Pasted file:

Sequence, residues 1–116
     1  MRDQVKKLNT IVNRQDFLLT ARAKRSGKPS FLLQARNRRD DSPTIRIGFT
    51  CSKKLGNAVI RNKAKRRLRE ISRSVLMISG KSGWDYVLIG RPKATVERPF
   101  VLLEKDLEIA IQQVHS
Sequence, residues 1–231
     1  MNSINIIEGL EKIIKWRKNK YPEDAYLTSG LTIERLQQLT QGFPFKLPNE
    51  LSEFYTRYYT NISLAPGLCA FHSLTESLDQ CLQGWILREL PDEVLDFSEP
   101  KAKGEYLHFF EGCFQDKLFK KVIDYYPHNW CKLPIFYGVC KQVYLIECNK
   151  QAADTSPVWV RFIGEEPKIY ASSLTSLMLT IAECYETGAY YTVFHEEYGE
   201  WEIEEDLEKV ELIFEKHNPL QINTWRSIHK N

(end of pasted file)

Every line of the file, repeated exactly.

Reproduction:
Sequence, residues 1–116
     1  MRDQVKKLNT IVNRQDFLLT ARAKRSGKPS FLLQARNRRD DSPTIRIGFT
    51  CSKKLGNAVI RNKAKRRLRE ISRSVLMISG KSGWDYVLIG RPKATVERPF
   101  VLLEKDLEIA IQQVHS
Sequence, residues 1–231
     1  MNSINIIEGL EKIIKWRKNK YPEDAYLTSG LTIERLQQLT QGFPFKLPNE
    51  LSEFYTRYYT NISLAPGLCA FHSLTESLDQ CLQGWILREL PDEVLDFSEP
   101  KAKGEYLHFF EGCFQDKLFK KVIDYYPHNW CKLPIFYGVC KQVYLIECNK
   151  QAADTSPVWV RFIGEEPKIY ASSLTSLMLT IAECYETGAY YTVFHEEYGE
   201  WEIEEDLEKV ELIFEKHNPL QINTWRSIHK N